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When are we going to start looking for our long term interest? These babu's cant provide our armed forces the weapons in timely manner now they are debating about an opportunity which will raise the profile of India with in South East Asia's neighbourhood. If China is going to be upset so be it.
 
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The Hindu : News / National : Vietnam's plea puts South Block in a predicament

Vietnam's request for military assistance from India, primarily in the naval field, has put South Block in a quandary, said official sources.

On the one hand, India would like to pay back Vietnam for its assistance in consistently bolstering its case at multilateral fora such as the Association of South East Asian Nations (Asean), and on the other, it would not want to irk China as the plea has come shortly after exchanges between Beijing and New Delhi over Oil & Natural Gas Commission Videsh (ONGC Videsh) prospecting for oil and gas in a portion of South China Sea claimed by both China and Vietnam.

Vietnam President Troun Tan Sang made the request in four fields — submarine training, conversion training for its pilots to fly Sukhoi-30, modernisation of a strategic port and transfer of medium-sized warships.

In fact, the sources said, the Vietnam President overlooked protocol to meet senior Indian officials and ensured the timing of their commercial flight was revised to accommodate the unscheduled meeting. Vietnam had asked India to transfer Brahmos cruise missiles and offer its small civil nuclear plants for selection.

India would be comfortable with providing conversion training for Sukhois as it has completed a similar exercise with Malaysia, another South-East Asian country. Meeting the other three demands needed considerable deliberation, said the sources, as India was not keen to put a spanner in ties with China with which it is shortly slated to sign an agreement to douse tensions by taking care of eye-ball-to-eyeball confrontations between military patrols in certain pockets of the line of actual control (LAC).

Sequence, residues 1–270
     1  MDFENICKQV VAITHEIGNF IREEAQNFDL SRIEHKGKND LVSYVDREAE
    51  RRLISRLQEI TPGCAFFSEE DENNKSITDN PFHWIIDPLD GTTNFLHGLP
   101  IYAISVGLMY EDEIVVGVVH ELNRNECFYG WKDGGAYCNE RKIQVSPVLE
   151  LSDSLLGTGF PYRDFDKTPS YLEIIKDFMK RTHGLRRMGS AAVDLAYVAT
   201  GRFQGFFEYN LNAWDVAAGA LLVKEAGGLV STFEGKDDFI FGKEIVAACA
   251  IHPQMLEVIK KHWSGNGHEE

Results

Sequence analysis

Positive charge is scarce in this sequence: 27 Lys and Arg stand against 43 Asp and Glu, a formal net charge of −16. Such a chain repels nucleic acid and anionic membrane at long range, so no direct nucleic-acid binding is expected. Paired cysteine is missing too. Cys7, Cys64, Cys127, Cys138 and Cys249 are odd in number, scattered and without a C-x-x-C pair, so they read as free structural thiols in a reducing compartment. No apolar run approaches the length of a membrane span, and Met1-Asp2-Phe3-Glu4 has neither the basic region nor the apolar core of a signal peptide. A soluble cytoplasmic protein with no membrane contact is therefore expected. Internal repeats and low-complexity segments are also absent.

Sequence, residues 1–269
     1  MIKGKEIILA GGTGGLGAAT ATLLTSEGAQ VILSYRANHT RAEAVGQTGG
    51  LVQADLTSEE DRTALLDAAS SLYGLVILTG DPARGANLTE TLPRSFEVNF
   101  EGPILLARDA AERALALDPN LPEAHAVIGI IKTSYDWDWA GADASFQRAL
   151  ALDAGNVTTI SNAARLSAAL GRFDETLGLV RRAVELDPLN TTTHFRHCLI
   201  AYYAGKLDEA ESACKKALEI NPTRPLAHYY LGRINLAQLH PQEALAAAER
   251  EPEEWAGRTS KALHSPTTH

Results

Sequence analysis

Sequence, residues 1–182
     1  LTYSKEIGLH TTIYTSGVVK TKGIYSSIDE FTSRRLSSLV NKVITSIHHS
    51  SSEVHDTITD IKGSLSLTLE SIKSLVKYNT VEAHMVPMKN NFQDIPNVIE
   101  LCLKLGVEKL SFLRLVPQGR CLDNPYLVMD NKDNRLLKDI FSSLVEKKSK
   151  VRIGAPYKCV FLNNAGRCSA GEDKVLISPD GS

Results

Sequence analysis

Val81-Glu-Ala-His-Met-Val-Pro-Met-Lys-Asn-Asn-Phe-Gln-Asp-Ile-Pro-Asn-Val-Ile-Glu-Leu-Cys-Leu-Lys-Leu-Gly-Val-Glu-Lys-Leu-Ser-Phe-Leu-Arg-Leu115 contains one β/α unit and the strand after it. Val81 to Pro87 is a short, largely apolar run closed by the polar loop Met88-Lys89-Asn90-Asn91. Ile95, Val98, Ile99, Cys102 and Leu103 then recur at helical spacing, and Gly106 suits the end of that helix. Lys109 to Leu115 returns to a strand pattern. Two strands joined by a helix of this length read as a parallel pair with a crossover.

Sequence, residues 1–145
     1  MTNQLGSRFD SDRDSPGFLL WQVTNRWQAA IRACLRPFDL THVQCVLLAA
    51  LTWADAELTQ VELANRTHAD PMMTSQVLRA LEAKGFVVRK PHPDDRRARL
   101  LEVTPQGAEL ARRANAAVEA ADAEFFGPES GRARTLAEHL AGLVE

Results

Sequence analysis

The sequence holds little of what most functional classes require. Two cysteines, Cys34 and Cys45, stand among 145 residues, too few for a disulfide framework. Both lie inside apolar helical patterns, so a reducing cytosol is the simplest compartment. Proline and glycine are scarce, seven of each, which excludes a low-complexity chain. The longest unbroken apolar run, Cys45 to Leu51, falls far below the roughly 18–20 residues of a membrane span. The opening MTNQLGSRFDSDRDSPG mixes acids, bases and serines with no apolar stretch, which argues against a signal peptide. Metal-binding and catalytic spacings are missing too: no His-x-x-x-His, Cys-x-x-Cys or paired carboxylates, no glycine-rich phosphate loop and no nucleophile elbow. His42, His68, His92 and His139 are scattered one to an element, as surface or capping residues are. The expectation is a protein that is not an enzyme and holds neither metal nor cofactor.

In particular, India will have to think hard about Vietnam's request to transfer 1,000 to 1,500 tonne vessels to sanitise Vietnam's long coast line and upgrade the Nha Trang port, located near the critical Cam Ranh Bay, especially after the alleged warning by the Chinese navy to an Indian warship that had left this port after a visit in July.

According to the report submitted by the Navy, INS Airavat left the place quickly after a caller, identifying himself as the "Chinese Navy," warned that "you are entering Chinese waters." The Navy has claimed that its men on the warship did not spot any aircraft or ship from where the call had come. It also claimed not to have worked out the coordinates from where the call originated. Indian diplomats said the incident was a "non-event."

Diplomats here said India would have to factor in two factors — though it had the right to develop ties in its near neighbourhood, it should not be done in a manner that derailed ties with China, especially at a time when the Special Representatives on the border issue were due to meet and Beijing's support wasrequired for entry into the Nuclear Suppliers' Group.
 
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Beijing plays bully

Beijing plays bully



But South China Sea belongs to nobody